the general problem of delayed payments: delays affecting time-sensitive
settlement payments associated with exchange-traded derivatives markets.
Because the Seventh Federal Reserve District is home to some of the largest
clearinghouses for derivatives markets,8 the Federal Reserve Bank of Chicago
has a special interest in potential changes to market practice, operations or
Federal Reserve policy that might tend to mitigate the delay of such settlement
payments. As we discuss in Part 2 of this comment, these settlement payments
represent a very small fraction of overall Fedwire activity. However, their timesensitivity makes them particularly important for the smooth functioning of and
public confidence in the financial system. In Part 2, we present evidence that
these payments are often made late and the payments associated with the
largest dollar values are those delayed the longest. Based upon this evidence,
we believe that the Board’s concern about the phenomenon of payment bunching
is well-founded. More importantly, we believe that the bunching of systemically
important payments, such as financial market settlement payments, could have
adverse consequences during periods of financial turmoil.

In Part 3, we discuss the incentives that appear to cause persistent payment
delays in Fedwire. In particular, we provide evidence that overnight borrowers in
the federal funds market could reduce their costs of borrowing by repaying their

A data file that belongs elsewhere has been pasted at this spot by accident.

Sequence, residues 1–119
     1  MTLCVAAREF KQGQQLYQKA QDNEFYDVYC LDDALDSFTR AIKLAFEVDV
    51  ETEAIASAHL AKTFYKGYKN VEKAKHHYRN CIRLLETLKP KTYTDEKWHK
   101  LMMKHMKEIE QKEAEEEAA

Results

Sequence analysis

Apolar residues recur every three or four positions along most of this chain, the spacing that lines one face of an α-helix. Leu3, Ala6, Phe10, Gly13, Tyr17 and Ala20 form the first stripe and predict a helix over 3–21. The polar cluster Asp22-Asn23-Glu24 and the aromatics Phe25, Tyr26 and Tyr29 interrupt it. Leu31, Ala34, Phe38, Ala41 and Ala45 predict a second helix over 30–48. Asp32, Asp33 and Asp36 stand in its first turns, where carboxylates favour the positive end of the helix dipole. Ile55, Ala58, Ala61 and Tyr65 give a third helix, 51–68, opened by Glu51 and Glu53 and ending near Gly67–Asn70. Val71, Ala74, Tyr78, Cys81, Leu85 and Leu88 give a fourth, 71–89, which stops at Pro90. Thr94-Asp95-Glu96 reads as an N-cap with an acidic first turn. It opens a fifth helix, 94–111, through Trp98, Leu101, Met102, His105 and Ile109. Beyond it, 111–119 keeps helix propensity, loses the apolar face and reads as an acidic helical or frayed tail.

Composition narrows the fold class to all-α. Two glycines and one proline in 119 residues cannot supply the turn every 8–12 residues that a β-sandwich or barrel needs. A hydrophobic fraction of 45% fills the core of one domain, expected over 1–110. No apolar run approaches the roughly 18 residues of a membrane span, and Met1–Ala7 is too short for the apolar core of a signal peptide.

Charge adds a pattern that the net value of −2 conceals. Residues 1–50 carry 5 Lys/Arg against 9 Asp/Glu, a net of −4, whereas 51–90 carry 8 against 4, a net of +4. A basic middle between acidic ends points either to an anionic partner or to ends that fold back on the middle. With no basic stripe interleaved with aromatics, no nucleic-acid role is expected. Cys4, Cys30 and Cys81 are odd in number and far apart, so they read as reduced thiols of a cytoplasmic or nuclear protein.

8

The Clearing House Division of the Chicago Mercantile Exchange (“CME”) clears
derivatives traded on the CME and Chicago Board of Trade. The Options Clearing Corporation
(“OCC”) clears all U.S. exchange-traded securities options.

3

overnight loans early in the settlement day. This, by itself, should provide an
incentive for borrowers to repay their federal funds loans early. However, during
the period we studied, there is clear evidence of end-of-day bunching of such
payments.

We conclude that, under current institutional arrangements, the

private costs of delayed payments in the form of higher interest charges on
overnight loans are insufficient to outweigh the private benefits of these delays.

In Part 4, we discuss a number of possible operational, market or policy changes
that may address the problem of persistent payment delays. Based upon this
analysis, the Federal Reserve Bank of Chicago endorses changes to the PSR
policy that would result in the reduction or elimination of daylight overdraft
charges for fully collateralized overdrafts. In addition, we discuss other potential
policy measures that, in principle, could help mitigate the problem of end-of-day
payments bunching.

2. Delays in Time-Sensitive Financial Markets Payments
Commercial banks and the interbank payment system play a critical role in the
processing of settlements for derivatives clearinghouses. The Committee on
Payment and Settlement Systems, in its March 1997 report on “Clearing
arrangements for exchange-traded derivatives,”9 provides a clear discussion of
the dynamics of these clearinghouse and settlement bank operations.

9

Committee on Payment and Settlement Systems of the central banks of the Group of Ten
countries, “Clearing arrangements for exchange-traded derivatives” (Basel: Bank for International
Settlements, March 1997) at 12-16, et seq. (defining the term “settlement bank”); see also,

4

We focus on the balancing payments among the various settlement banks that
are necessary to complete the settlement process associated with margin calls.
Many settlements are internally processed at the settlement banks as so-called